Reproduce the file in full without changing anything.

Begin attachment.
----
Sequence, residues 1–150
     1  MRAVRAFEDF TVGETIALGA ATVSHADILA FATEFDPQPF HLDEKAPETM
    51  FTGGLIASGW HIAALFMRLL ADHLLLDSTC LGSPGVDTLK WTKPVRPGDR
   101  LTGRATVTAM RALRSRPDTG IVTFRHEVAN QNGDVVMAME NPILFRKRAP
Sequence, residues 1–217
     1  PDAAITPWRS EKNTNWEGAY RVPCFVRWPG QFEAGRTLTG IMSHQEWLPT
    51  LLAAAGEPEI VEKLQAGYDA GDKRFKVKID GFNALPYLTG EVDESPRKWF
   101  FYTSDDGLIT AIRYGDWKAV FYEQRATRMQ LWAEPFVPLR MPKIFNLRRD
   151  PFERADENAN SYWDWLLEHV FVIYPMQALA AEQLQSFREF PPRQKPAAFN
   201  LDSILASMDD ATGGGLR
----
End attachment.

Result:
Sequence, residues 1–150
     1  MRAVRAFEDF TVGETIALGA ATVSHADILA FATEFDPQPF HLDEKAPETM
    51  FTGGLIASGW HIAALFMRLL ADHLLLDSTC LGSPGVDTLK WTKPVRPGDR
   101  LTGRATVTAM RALRSRPDTG IVTFRHEVAN QNGDVVMAME NPILFRKRAP
Sequence, residues 1–217
     1  PDAAITPWRS EKNTNWEGAY RVPCFVRWPG QFEAGRTLTG IMSHQEWLPT
    51  LLAAAGEPEI VEKLQAGYDA GDKRFKVKID GFNALPYLTG EVDESPRKWF
   101  FYTSDDGLIT AIRYGDWKAV FYEQRATRMQ LWAEPFVPLR MPKIFNLRRD
   151  PFERADENAN SYWDWLLEHV FVIYPMQALA AEQLQSFREF PPRQKPAAFN
   201  LDSILASMDD ATGGGLR